Tory Dent


Palea - Poem by Tory Dent

Only my mouth taking you in, the greenery splayed deep green.

Within my mouth, your arm inserted, a stem of gestures, breaking gracefully.

Into each other we root arbitrarily, like bushes, silken, and guttural.

Palaver, we open for the thrill of closing, for the thrill of it: opening.

The night was so humid when I knelt on the steps, wet and cold, of prewar stone.

A charm bracelet of sorts we budded, handmade but brazen, as if organic.

I cannot imagine the end of my fascination, emblazoned but feather-white too.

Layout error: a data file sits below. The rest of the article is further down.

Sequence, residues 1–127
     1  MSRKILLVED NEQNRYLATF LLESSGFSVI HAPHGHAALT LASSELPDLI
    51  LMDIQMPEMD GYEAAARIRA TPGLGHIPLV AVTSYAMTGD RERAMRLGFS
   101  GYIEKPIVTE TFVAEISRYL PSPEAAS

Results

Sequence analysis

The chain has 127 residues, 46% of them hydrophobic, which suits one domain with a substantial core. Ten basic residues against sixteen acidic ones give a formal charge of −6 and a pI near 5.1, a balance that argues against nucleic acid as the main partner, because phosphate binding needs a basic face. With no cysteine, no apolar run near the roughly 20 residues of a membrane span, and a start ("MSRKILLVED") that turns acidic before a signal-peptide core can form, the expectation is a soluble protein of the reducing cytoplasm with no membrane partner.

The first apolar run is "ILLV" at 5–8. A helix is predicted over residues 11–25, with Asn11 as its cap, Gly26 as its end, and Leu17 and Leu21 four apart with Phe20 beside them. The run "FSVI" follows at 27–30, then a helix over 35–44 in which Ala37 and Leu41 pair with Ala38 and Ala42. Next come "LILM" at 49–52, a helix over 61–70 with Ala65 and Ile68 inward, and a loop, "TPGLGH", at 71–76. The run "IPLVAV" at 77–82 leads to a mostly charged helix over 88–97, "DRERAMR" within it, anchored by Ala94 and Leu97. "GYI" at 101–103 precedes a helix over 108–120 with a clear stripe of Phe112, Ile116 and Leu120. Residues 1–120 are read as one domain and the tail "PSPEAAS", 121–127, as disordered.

The gold closure of this like a gold coin is, of course, ancient.

Why can't experience disseminate itself, be silken and brazen yet underwater?

A miniature Eiffel Tower, an enameled shamrock, a charm owned by its bracelet.


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Read poems about / on: green, night



Poem Submitted: Monday, January 20, 2003



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